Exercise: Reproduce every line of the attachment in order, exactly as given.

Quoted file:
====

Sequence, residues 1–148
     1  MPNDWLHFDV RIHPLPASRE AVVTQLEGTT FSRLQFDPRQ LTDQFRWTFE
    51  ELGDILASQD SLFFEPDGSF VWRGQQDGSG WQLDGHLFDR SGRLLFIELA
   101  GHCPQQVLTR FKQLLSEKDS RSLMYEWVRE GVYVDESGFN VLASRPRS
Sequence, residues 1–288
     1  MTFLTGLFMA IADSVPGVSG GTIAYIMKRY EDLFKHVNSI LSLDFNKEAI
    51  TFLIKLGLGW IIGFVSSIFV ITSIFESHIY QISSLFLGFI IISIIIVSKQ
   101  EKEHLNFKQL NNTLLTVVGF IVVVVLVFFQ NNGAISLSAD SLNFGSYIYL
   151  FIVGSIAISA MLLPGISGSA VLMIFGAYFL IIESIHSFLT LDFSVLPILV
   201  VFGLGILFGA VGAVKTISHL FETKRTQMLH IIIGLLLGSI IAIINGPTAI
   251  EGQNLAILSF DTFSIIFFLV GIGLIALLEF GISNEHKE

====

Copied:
Sequence, residues 1–148
     1  MPNDWLHFDV RIHPLPASRE AVVTQLEGTT FSRLQFDPRQ LTDQFRWTFE
    51  ELGDILASQD SLFFEPDGSF VWRGQQDGSG WQLDGHLFDR SGRLLFIELA
   101  GHCPQQVLTR FKQLLSEKDS RSLMYEWVRE GVYVDESGFN VLASRPRS
Sequence, residues 1–288
     1  MTFLTGLFMA IADSVPGVSG GTIAYIMKRY EDLFKHVNSI LSLDFNKEAI
    51  TFLIKLGLGW IIGFVSSIFV ITSIFESHIY QISSLFLGFI IISIIIVSKQ
   101  EKEHLNFKQL NNTLLTVVGF IVVVVLVFFQ NNGAISLSAD SLNFGSYIYL
   151  FIVGSIAISA MLLPGISGSA VLMIFGAYFL IIESIHSFLT LDFSVLPILV
   201  VFGLGILFGA VGAVKTISHL FETKRTQMLH IIIGLLLGSI IAIINGPTAI
   251  EGQNLAILSF DTFSIIFFLV GIGLIALLEF GISNEHKE